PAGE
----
Two-thirds of 6,600 primary care physicians surveyed in 60 U.S. communities
said they are unable to obtain outpatient mental health care for their
patients, according to a report by researchers from the Center for Studying
Health System Change (HSC) published in April's Health Affairs.
The researchers discovered that the mental health treatment difficulties
occurred far more frequently than referrals to other types of health care
services. They also found that mental health manpower and inadequate insurance
coverage play a big role in the problem.
"From the perspective of primary care physicians, the study's
findings suggest that lack of access to mental health services is a serious
problem—much more serious than for other commonly used medical
services," said Peter Cunningham, Ph.D., a senior fellow at the HSC and
an author of the study, in a written statement.
Based on the survey, conducted in 2004 and 2005, Cunningham and his
colleagues found that mental health referrals proved more elusive for the
primary care physicians surveyed than other kinds of medical care referrals,
including specialty non-mental health care. Specifically, the rate of
difficulty in obtaining needed outpatient mental health care for patients was
more than twice the rate reported for any of three other common referrals:
other specialists, imaging services, and nonemergency hospital admissions. For
example, almost 67 percent of the primary care physicians reported that they
couldn't get mental health services for some of their patients, compared with
34 percent who reported other non-mental health specialist referral obstacles,
30 percent who reported they couldn't get diagnostic imaging, and 17 percent
who reported they were unable to obtain nonemergency hospital
Primary care clinicians cited inadequate health coverage, "insurance
barriers," and an inability to find a mental health clinician to care
for their patients, among the chief reasons their patients could not obtain
care for psychiatric conditions.
Among primary care providers, who included general internists, family and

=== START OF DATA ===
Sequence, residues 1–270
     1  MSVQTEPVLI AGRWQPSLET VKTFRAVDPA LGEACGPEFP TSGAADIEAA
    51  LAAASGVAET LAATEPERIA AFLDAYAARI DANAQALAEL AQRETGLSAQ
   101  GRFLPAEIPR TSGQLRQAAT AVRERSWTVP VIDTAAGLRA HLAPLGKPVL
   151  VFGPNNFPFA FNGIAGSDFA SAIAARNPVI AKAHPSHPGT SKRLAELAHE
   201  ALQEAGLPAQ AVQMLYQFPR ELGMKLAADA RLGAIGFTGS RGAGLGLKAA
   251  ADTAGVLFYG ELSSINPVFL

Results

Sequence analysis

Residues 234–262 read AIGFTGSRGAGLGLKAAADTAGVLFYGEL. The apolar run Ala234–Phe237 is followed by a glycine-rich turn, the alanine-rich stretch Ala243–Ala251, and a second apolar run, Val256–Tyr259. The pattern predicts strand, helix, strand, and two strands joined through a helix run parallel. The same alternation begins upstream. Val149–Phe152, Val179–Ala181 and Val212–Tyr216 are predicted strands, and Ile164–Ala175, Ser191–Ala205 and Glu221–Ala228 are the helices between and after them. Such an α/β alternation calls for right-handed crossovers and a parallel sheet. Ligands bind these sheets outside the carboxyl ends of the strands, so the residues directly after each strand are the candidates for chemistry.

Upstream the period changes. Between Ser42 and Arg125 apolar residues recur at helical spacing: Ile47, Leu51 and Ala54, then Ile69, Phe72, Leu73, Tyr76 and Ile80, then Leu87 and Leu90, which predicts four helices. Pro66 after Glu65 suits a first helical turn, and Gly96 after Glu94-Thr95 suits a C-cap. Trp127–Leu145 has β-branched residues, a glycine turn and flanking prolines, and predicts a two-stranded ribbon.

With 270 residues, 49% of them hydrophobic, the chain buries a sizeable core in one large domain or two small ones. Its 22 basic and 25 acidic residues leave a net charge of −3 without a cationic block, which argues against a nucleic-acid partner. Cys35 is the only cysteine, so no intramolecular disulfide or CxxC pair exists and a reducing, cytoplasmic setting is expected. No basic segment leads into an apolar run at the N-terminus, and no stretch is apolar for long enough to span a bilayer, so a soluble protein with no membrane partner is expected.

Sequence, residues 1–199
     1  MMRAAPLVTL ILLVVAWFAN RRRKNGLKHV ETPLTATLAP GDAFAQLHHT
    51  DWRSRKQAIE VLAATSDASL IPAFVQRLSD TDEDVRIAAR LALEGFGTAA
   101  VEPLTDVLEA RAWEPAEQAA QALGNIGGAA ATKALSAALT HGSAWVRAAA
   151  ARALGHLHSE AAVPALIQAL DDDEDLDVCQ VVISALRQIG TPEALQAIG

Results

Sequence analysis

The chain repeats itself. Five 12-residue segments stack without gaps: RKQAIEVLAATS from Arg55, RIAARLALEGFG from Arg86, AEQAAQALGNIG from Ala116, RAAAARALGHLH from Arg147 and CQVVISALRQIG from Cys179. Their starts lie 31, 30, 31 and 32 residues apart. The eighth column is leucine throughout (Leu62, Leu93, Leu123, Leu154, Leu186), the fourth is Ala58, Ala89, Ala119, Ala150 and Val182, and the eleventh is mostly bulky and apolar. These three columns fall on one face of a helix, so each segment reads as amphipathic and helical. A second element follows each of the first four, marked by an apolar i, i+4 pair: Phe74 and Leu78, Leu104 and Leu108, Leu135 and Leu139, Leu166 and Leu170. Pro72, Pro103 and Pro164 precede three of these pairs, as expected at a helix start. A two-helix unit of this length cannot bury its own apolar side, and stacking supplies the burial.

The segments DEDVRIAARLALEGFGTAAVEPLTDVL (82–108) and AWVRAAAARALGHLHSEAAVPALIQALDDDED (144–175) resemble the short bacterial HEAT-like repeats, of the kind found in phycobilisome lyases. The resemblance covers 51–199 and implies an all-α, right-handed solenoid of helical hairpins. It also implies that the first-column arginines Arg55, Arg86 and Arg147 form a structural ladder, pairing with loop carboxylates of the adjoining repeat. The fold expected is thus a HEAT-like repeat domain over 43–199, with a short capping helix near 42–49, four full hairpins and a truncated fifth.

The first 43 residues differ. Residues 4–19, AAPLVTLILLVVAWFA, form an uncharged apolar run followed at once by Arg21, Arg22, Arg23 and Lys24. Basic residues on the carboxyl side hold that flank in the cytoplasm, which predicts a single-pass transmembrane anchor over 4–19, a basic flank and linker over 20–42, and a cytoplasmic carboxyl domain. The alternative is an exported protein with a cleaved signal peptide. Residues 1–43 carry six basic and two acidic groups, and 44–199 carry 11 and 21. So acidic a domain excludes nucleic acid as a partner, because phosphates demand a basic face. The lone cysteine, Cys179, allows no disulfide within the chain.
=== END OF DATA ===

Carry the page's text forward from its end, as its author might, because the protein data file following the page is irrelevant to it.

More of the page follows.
general practitioners and pediatricians, the pediatricians were more likely to
report problems in getting mental health care for their patients.
Pediatricians cited a shortage of providers for children and health plan
barriers such as a lack of coverage for mental health services.
The study consistently found a lower number of psychiatrists in areas of
the country where there were more problems getting mental health services due
to a shortage of providers. Physicians in counties with moderate or large
numbers of psychiatrists (defined by the authors as at least eight
psychiatrists per 100,000 residents) were about 12 percent less likely to
report provider shortages as one reason for the lack of available mental
health referral care than were clinicians in counties with fewer
The authors were surprised that counties with a high number of
psychiatrists had a greater probability of patients being denied mental health
care because of either "plan barriers" or inadequate or a lack of
coverage among patients compared with counties having smaller numbers of
psychiatrists. Although areas with large numbers of psychiatrists were likely
to have greater mental health care utilization overall, the authors theorized
that health insurance plans in those locations may attempt to limit the
utilization of psychiatric care through greater restrictions on utilization or
less generous benefits.
The study "clearly is an indicator that there are ongoing problems
with access to mental health care," said Anita Everett, M.D., chair of
APA's Council on Healthcare Systems and Financing.
Still, in many areas with small numbers of psychiatrists, the researchers
found that the shortage of such clinicians had a greater impact on the ability
to obtain mental health care than did obstacles stemming from a lack of
coverage and from insurance-plan barriers.
Problems accessing mental health care that stemmed from a lack of
insurance—and underinsurance by policies that provided no or lesser
mental health care coverage—were most often cited as factors in patients
not receiving needed care. It is not known yet whether access to mental health
care was enhanced by the federal mental health insurance parity law enacted in
2008, said the authors. They concluded that state mental health parity laws
have had only a modest effect on reducing mental health access disparities
when compared with states that do not have insurance parity laws.
"Even with national parity legislation, large gaps in mental health
access will likely remain, and the new law will have no effect on the severe
access problems of the uninsured as well as problems related to the shortage
of mental health care providers," Cunningham and his coauthors
"Beyond Parity: Primary Care Physicians' Perspectives on
Access to Mental Health Care" is posted at<http://hschange.org/CONTENT/1054/?>.▪